The Haunting (1963).
I don’t know what you look for in your horror movies, but “The Haunting” is, quite simply, the most frightening movie I’ve ever seen. Forget about the much-ballyhooed “The Exorcist,” which was enjoyable but not particularly scary. This is where the real goods are.
This adaptation of Shirley Jackson’s “The Haunting of Hill House,” directed by Robert Wise and written by Nelson Gidding, puts all other ghost stories to shame — not to mention the inferior remake from 1999. Richard Johnson is Dr. Markway, a paranormal investigator who is hired by a skeptical heir (Russ Tamblyn) to investigate the old family mansion, which legend says is haunted. Dr. Markway brings along two psychics, the mysterious Theodora (Claire Bloom) and the timid, insecure Eleanor (Julie Harris). As they spend a night in the house, things start to turn strange and the foursome has to figure out what is real and what is just a figment of their jumpy imagination.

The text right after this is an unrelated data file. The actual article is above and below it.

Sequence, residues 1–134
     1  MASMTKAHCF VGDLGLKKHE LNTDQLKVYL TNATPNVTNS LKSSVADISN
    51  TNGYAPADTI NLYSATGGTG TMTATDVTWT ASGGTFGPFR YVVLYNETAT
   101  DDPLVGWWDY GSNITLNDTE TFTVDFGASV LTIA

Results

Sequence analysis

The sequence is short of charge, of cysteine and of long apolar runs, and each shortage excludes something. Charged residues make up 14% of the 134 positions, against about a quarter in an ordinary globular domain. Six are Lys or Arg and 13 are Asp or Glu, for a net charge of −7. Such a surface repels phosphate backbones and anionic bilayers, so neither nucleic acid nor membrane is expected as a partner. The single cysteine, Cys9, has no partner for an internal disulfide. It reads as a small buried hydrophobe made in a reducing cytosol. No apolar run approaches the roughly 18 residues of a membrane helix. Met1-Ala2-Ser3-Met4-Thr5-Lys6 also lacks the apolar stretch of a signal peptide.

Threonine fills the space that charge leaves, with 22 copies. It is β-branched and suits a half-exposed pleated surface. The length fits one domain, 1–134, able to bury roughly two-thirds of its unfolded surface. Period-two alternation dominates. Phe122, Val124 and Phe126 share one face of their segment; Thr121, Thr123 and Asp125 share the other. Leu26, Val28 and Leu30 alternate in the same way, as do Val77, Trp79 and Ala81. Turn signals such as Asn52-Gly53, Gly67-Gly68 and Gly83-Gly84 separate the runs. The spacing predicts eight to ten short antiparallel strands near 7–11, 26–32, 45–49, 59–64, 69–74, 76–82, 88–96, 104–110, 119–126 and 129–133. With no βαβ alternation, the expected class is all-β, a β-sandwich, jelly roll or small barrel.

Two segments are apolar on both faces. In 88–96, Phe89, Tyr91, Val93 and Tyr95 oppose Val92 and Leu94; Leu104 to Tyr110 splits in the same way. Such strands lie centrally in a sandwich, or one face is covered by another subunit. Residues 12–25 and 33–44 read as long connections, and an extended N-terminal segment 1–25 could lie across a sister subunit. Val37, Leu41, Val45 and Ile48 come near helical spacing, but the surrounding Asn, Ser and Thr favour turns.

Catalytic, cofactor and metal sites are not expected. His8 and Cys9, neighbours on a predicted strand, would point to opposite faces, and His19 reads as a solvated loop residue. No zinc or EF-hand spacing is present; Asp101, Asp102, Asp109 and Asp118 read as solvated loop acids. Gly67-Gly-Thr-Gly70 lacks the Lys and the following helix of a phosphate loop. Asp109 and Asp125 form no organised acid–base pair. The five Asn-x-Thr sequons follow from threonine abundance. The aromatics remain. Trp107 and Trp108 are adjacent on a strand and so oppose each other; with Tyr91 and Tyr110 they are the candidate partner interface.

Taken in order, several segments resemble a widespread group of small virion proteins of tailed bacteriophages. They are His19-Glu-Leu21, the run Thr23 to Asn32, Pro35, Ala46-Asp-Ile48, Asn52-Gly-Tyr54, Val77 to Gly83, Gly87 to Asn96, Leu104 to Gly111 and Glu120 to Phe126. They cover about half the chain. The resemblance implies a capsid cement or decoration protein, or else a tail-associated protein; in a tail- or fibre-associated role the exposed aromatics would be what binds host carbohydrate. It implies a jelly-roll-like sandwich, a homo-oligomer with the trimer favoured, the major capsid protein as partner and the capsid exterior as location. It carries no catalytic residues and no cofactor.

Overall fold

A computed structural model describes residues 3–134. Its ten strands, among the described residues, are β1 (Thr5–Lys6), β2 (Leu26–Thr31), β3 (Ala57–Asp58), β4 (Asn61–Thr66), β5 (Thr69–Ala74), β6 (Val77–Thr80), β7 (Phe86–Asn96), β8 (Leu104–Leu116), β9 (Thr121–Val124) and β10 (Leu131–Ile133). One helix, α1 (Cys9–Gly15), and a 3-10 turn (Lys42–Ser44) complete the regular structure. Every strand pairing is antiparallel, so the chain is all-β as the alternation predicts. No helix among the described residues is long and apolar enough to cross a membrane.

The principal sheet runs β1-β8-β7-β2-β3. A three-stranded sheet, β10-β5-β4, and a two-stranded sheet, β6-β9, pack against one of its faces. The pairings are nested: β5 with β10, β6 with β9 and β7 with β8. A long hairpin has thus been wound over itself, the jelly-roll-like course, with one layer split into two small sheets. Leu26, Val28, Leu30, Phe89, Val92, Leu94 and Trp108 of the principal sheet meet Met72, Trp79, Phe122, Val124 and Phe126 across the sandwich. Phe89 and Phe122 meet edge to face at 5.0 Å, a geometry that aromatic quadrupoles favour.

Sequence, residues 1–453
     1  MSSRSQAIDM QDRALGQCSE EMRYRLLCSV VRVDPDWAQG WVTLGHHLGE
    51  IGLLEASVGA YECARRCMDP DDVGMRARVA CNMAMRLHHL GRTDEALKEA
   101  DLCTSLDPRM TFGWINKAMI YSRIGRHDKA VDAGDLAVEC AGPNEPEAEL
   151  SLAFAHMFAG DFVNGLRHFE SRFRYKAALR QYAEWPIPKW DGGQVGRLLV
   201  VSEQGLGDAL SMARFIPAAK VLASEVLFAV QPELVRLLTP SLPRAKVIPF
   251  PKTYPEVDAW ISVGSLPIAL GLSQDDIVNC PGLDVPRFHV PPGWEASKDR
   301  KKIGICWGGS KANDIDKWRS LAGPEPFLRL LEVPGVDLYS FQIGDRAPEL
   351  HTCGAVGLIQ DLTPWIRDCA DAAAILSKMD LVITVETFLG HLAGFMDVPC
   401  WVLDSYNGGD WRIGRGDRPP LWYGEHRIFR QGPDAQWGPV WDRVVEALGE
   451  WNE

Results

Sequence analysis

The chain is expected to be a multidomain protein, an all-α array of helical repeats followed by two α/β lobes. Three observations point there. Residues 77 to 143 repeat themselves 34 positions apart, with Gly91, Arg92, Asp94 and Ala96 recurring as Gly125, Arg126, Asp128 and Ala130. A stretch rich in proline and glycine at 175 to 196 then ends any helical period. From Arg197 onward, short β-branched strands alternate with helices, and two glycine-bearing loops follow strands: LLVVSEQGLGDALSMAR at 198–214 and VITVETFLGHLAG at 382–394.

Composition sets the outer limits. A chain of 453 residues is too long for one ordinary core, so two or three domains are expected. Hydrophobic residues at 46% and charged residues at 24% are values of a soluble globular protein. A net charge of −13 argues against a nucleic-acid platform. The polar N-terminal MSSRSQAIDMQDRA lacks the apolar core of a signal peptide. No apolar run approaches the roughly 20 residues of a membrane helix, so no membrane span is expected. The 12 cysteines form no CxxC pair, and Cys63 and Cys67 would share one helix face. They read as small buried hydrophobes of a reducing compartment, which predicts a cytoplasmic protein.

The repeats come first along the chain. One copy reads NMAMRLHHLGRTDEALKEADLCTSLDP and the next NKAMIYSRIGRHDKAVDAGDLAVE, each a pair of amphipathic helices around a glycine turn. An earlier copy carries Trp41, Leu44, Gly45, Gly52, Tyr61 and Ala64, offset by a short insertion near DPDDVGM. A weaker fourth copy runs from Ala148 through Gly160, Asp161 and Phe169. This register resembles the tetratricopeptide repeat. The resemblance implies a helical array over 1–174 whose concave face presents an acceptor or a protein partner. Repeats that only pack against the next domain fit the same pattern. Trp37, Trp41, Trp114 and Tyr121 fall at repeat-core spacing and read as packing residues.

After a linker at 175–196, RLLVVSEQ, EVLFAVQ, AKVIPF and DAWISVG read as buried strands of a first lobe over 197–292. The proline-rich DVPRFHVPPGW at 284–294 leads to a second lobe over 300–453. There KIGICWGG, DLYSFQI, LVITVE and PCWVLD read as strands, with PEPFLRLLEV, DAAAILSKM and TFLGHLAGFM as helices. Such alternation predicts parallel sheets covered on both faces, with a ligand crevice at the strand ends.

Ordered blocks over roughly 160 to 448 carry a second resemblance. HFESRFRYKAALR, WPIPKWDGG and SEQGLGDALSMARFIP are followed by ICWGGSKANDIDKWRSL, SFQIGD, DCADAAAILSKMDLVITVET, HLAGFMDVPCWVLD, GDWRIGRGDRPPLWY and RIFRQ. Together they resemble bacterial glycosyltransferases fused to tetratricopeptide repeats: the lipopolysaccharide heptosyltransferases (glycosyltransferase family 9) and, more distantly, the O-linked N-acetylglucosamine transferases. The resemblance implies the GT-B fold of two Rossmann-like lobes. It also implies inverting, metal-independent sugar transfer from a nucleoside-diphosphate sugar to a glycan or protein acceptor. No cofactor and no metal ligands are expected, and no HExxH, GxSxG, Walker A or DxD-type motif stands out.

Forget monsters, forget stalkers and forget torture porn. Everyone involved — including Harris, who gives a brilliant performance — knew that the scariest thing a viewer can face is what is in his or her own mind. The psychological terror is executed wonderfully here. It’s definitely something that will keep you awake at night. And that throbbing door is an image you won’t soon forget.
Perfect — and perfectly creepy — on just about every level.
The throbbing door.
Although the film takes place in New England, it was shot in Great Britain. The house used for the exterior shots is Ettington Hall near Stratford-Upon-Avon.
“The Uninvited” (1944) and “The Legend of Hell House” (1973).
Take a Look: